China finds USD 100 bn mineral deposits in Tibet

102 types of mineral were discovered in Tibet worth USD 100 billion.

Updated: Dec 06, 2010, 19:15 PM IST

Beijing: China continues to strike it rich
in Tibet as geologists discovered 102 types of mineral
deposits in over 3000 mine beds with an estimated value of
about USD 100 billion.

So far, over 3,000 mine beds, deposits or mineralised
sites with as many as 102 types of mineral were discovered in
Tibet Autonomous Region (TAR), Chinese official media
reported, quoting officials from the regional bureau of land
and resources.

The mineral resources in the Himalayan region have an
estimated potential value up to 600 billion yuan (USD 100
billion), it said.

Among the variety of mineral reserves, Tibet is
reported to have large chromium and cuprum (copper) far higher
than other regions of mainland China.

12 other mineral reserves rank among the top five
across the whole country.

Chromium, a steely-grey, lustrous hard metal is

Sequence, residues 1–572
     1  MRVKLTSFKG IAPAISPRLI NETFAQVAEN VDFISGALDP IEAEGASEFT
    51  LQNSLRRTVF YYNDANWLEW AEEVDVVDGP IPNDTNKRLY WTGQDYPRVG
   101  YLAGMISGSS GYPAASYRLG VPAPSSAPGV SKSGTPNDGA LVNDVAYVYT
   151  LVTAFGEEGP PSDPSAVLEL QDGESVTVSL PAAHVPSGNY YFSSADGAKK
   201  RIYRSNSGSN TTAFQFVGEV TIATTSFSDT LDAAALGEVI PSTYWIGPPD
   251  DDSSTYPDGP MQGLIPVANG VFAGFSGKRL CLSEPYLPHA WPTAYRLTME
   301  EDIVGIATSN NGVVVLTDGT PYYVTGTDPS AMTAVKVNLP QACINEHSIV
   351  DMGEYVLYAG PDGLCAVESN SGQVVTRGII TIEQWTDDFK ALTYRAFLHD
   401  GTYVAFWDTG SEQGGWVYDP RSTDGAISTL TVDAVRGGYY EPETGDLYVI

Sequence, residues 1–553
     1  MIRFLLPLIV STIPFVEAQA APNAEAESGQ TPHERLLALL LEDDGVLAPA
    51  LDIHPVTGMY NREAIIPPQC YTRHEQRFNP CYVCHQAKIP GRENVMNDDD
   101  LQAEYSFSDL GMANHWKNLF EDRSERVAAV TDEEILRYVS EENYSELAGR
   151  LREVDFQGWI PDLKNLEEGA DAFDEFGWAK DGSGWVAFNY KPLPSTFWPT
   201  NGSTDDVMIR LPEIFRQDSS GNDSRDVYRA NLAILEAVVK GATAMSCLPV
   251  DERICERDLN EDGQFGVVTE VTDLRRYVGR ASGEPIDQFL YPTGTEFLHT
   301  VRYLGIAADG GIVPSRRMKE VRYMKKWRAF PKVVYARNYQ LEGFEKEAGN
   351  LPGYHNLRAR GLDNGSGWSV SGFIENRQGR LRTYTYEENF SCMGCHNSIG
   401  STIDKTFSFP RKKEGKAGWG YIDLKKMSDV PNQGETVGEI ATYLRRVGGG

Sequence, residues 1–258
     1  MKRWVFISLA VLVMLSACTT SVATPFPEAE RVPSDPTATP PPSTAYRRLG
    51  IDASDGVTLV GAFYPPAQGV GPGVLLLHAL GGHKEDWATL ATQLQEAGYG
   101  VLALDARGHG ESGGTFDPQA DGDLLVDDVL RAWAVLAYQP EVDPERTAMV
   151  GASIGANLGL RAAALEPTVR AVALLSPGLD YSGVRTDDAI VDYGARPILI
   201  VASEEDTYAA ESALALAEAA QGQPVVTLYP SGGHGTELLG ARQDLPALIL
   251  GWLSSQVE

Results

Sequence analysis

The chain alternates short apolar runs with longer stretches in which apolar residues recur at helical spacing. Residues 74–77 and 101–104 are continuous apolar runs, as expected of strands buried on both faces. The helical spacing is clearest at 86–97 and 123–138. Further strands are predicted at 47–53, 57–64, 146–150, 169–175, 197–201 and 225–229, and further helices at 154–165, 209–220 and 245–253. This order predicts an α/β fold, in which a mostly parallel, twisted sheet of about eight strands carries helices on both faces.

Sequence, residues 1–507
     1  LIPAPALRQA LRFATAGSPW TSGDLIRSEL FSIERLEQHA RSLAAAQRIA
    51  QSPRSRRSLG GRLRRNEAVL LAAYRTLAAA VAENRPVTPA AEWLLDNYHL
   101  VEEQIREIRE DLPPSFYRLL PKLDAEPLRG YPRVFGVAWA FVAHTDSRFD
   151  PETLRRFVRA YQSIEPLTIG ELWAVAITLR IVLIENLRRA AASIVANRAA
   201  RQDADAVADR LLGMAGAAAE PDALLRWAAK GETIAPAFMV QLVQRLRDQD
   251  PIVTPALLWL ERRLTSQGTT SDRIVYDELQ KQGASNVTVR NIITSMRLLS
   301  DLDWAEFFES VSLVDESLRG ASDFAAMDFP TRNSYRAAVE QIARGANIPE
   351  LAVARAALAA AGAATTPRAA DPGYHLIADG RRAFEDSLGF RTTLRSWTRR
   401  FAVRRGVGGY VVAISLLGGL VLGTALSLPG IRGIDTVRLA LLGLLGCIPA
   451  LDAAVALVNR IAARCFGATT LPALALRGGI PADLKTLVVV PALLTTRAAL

regarded with great interest because of its high corrosion
value, resistance and hardness while Cuprum is a mineral used
in homoeopathic medicines.

Considering the rich potential, top Chinese minerals
and metals companies have already established their presence
to explore and extract the rich deposits of the remote
region`s natural resources.

Chinese aluminium and copper giant Aluminum Corp of
China, or Chinalco has already set up its unit there, besides
Chinese miners Western Mining Co and Zijin Mining Group Co Ltd
which already started production at the Yulong copper deposit,
in south-eastern Tibet to fuel the rapidly developing Chinese
economy.

Access to the remote Tibetan areas is no longer a
problem as China has already built enormous amount of rail,
road and air infrastructure connecting TAR with the mainland.

The rapid exploration of natural resources and
development of infrastructure evoked criticism from the
Tibetan say this would benefit the main land more as it fuels
influx from the outside the region besides harming the
plateau`s fragile environment.

PTI